The thing is, learning to juggle truly instills the required motions and cadences into your muscle memory. That is to say, you never really forget how to juggle. Sure, you may get a little rusty if it's been a while, but it all comes back in a flash (that final word there being a pun, if you know juggling terminology).
So, off and on, I'd always juggle things -- tennis balls, oranges, etc. Eventually, people started giving me juggling-related gifts for birthdays or Christmas. Mostly bird-seed and/or sawdust filled juggling balls (which are kind of like over-sized hackey sacks). They fill them with these materials so that the balls don't go bouncing 50 feet away from you when you screw up; instead, they simply land with a thud. (In fact, the balls are commonly referred to as "thuds.")
After a while, I was kind of a juggling maniac. I was pretty much a loner, though -- unaffiliated with local juggling clubs and so forth. I was simply a guy who liked to juggle. Kind of like I am with the piano, now. I play pretty much every day, but don't really perform.
When I turned 25 back in '94, my wife decided to take things up a notch. She not only bought me some juggling clubs and other goodies, but also a unicycle! After all, what juggler worth his or her salt can't ride a unicycle, right? She also managed to locate a unicycle class offered through some Fairfax County (we lived in Arlington, VA, outside of DC) continuing education program. Seemed interesting ... Why not check it out, I figured.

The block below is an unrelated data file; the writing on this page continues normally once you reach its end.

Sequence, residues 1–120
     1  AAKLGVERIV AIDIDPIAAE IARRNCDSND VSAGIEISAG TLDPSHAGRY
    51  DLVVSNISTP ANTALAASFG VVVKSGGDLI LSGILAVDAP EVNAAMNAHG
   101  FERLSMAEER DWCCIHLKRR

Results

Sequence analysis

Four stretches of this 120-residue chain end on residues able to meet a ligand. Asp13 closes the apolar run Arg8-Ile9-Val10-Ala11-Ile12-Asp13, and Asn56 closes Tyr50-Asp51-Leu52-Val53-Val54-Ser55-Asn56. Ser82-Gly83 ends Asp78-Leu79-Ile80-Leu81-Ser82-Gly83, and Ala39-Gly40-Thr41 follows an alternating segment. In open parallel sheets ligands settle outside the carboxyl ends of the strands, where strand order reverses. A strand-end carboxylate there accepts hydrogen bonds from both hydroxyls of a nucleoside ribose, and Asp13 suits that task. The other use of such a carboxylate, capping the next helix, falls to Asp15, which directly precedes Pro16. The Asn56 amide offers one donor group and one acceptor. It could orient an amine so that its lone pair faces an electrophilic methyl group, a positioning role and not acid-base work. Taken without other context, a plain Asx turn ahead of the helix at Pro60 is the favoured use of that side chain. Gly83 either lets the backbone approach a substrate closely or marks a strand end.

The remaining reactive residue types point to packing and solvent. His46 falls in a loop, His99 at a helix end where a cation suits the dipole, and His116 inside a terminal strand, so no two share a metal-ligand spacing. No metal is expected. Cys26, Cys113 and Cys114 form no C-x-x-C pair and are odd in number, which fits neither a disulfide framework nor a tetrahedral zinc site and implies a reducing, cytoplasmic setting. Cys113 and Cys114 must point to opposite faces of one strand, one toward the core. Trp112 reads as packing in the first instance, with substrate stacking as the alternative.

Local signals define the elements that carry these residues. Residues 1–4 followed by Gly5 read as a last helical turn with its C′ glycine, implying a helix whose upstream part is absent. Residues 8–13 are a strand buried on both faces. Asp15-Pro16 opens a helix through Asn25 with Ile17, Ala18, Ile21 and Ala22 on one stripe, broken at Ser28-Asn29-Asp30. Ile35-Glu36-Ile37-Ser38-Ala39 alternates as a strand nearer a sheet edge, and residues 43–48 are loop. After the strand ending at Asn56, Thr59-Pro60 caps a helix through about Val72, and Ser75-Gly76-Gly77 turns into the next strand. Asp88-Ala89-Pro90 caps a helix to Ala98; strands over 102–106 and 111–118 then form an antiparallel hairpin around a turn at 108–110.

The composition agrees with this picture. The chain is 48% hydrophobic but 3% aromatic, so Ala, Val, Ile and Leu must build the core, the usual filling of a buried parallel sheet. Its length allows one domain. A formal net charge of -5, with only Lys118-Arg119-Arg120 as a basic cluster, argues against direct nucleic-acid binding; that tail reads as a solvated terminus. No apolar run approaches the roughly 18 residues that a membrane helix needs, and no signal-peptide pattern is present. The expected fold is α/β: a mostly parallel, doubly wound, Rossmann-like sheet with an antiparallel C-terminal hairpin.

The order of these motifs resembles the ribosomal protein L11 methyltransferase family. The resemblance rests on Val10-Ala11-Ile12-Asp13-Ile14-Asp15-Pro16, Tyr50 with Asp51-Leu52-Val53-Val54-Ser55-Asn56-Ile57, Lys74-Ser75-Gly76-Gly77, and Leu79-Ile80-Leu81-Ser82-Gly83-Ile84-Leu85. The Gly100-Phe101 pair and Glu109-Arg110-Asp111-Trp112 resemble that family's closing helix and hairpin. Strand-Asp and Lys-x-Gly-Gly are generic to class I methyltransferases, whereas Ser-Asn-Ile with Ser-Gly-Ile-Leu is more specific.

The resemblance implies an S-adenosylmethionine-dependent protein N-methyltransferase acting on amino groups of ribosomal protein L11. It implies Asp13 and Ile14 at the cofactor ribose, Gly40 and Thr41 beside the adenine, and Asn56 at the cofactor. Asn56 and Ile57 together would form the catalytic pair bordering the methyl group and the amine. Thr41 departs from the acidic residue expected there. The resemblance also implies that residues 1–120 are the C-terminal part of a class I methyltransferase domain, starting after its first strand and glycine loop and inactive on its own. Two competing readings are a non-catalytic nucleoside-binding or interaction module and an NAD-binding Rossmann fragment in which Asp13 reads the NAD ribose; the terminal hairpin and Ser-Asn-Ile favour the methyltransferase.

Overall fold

The class met on Wednesday evenings for 10 or 12 weeks, I guess, hosted at some public school in Fairfax. For the first class, I showed up a little early, but couldn't seem to find the right place. The only people around were school kids, not a one of them over 12 years old. And then some lady came out and told everyone to gather around for the unicycle class. Turned out I was in the right place. I just happened to be the sole adult in the class. Nothing in the course catalog specified an age group, though. I suppose I just happened to be the only adult in the metropolitan DC area who cared to learn how to ride such a contraption.
Sounds weird, I know, but I really enjoyed that class. It was kind of like going back in time and being 12 again. I came to get a little competitive with a few of the little scrappers -- seeing who could go the furthest, who could make turns better, etc. By the end of the course, we all seemed like pros, looping the gymnasium with speed and grace, negotiating various obstacles, and rarely crashing.
I still have the unicycle. It's hanging in my garage, where it's been for many years. Maybe sometime I'll try it again, although I'm not sure the old saying "it's like riding a bike" applies when there's only one wheel.
Below, are the original comments on this post. Additional comments may be made via Facebook, below.
On February 28, 2007, wrote:
I grew up and live in Fairfax County. I know they offer various classes, but I never noticed a unicycle class before!
Midwest Tales? Like Winesburg, Ohio?